“From the Cyprus point of view, I think they are trying to internationalize this a little bit more, probably because they are disappointed with the EU’s response,” Fiona Mullen, director of the Nicosia-based research consultancy Sapienta Economics, told Al-Monitor.
In effort to curtail Turkish drilling activities in the eastern Mediterranean, political leaders in the Republic of Cyprus have lobbied European Union officials for support. After repeated warnings, Brussels imposed sanctions on two Turkish nationals in February in retaliation for Ankara’s ongoing operations in the region. Mullen said the measures were perceived as too limited and ineffective by southern Cypriots, as Ankara has continued its drilling activities.
She stipulated the shortcomings may have driven the Republic of Cyprus to seek a broader coalition to counterbalance Ankara in the region.
“Will it make any difference? Probably none at all,” Mullen said regarding Monday’s joint statement. “I’m surprised Turkey’s even bothering to send drill ships to Cyprus, given the state of the oil and gas market at the moment.”
Due to the pandemic's impacts on the energy sector, the American energy giant ExxonMobil announced last month it was postponing planned drilling on a gas field in Cyprus’ Exclusive Economic Zone until September 2021. A pipeline project to transport gas from Cyprus’ Aphrodite gas field to Egypt remains intact but contracts have yet to be finalized.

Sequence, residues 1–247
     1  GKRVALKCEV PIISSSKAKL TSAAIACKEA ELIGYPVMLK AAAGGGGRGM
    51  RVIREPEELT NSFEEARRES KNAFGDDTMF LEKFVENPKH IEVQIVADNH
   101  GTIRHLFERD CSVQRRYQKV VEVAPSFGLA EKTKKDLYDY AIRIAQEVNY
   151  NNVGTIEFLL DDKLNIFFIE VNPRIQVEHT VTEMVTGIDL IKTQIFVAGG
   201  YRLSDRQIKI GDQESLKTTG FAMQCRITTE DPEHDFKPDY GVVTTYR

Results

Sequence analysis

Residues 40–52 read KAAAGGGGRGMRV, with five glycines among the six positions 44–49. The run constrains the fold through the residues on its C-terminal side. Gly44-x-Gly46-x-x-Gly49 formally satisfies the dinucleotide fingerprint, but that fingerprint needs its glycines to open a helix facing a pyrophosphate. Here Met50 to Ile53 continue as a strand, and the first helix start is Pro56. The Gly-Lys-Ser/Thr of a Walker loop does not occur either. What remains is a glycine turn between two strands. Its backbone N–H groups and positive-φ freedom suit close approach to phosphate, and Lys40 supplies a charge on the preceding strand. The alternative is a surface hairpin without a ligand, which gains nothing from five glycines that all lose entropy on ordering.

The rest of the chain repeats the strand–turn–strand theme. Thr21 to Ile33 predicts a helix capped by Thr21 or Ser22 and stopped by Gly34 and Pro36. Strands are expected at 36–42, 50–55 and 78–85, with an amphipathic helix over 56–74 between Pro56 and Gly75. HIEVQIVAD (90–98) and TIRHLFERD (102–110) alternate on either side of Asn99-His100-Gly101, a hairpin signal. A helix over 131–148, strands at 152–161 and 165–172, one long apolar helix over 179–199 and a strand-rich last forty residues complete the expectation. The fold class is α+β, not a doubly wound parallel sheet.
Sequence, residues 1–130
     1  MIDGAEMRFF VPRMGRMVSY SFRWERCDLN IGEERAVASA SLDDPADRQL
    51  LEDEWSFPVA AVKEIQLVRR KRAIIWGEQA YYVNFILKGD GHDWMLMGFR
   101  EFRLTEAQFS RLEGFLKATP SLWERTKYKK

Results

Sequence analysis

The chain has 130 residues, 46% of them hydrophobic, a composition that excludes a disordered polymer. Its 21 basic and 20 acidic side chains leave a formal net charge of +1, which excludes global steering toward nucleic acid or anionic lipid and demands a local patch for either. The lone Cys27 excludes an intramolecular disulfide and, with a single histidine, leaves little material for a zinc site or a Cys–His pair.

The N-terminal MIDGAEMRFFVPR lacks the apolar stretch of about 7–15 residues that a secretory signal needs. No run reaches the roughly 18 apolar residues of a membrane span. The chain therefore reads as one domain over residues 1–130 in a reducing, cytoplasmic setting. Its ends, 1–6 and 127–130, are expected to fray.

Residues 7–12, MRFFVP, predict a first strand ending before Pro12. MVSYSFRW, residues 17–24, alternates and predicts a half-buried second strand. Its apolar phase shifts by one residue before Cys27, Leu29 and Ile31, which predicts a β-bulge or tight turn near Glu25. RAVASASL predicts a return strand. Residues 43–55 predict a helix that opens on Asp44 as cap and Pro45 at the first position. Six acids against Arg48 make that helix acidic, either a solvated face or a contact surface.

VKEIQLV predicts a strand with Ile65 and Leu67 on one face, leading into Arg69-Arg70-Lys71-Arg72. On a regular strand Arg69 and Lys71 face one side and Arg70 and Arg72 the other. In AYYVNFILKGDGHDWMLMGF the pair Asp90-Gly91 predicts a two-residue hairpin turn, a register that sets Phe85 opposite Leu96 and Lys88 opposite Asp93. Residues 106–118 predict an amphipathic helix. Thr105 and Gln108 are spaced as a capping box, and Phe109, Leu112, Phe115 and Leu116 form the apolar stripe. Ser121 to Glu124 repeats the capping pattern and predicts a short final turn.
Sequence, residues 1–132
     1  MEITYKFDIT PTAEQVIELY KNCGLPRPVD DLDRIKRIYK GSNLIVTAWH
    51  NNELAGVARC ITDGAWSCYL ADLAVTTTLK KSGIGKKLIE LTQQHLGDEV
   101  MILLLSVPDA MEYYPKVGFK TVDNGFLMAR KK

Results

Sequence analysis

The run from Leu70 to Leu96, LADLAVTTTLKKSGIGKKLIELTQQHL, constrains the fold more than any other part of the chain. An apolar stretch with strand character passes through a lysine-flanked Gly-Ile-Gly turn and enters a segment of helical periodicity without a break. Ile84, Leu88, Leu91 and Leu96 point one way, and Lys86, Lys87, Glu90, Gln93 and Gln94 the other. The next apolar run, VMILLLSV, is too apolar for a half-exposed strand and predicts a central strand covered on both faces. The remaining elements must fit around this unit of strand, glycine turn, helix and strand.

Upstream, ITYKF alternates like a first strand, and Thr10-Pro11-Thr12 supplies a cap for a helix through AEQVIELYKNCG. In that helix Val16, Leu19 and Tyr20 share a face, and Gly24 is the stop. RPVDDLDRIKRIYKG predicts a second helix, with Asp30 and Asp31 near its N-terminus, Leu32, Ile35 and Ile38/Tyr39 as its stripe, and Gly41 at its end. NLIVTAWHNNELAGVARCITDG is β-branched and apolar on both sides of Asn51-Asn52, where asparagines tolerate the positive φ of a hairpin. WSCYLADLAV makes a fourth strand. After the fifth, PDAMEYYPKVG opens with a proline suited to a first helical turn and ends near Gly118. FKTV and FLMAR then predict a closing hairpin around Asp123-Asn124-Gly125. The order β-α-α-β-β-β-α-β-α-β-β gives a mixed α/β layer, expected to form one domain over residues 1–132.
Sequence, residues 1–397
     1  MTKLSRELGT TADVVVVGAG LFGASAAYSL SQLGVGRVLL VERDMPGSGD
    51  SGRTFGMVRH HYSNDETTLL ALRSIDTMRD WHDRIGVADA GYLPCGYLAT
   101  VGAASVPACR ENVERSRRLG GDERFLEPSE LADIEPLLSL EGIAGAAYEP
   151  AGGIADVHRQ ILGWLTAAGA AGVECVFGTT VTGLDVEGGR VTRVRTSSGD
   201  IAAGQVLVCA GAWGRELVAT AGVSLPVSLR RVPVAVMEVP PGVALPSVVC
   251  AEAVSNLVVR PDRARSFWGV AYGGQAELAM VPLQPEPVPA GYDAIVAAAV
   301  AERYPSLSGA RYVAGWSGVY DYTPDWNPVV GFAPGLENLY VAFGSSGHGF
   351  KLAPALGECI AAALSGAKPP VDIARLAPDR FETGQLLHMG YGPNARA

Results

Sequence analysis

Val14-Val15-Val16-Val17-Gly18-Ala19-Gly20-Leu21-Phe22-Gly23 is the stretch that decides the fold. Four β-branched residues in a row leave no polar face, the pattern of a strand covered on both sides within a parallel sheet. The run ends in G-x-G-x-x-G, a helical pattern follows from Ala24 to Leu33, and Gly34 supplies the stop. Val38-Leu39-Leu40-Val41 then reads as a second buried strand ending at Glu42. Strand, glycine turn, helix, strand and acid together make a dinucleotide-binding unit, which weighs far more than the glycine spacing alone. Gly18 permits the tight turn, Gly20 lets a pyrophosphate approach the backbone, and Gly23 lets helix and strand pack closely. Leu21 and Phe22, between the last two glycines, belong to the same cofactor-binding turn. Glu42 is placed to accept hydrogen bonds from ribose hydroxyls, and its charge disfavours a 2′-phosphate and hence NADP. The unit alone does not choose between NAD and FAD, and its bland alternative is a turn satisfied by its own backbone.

Meanwhile, market pressures have cast doubt on the high-cost EastMed pipeline project, which would link Israeli fields through Cyprus and Greece to reach European consumers, according to Mullen.
“Apart from Egypt’s Zohr [gas field], which is already being exploited, and Israel’s Leviathan, none of the finds have been big enough to really commercialize, and so in a way, what COVID-19 did was put the nail in the coffin of something that was already getting commercially quite wobbly,” Mullen said regarding energy projects in Cyprus.
With disputes likely to continue in a variety of forms between Turkey, Cyprus and nations backing Hifter in Libya, some analysts predict energy companies will begin pulling out of the eastern Mediterranean region as the profit margins diminish and political uncertainties prevail.
Harry Tzimitras, director of the Peace Research Institute Oslo Cyprus Centre, said further delays in gas field development could lead to the cancellation of certain projects, as renewable energy sources continue to become more cost effective, particularly in comparison to deep water energy extraction projects in the eastern Mediterranean.
“It never was majorly about energy, what Turkey is doing in the eastern Mediterranean. It is a power projection,” Tzimitras told Al-Monitor. “And I think what is happening now with the continued presence and drilling of Turkey in the region, it only proves further that it had very little to do with energy.”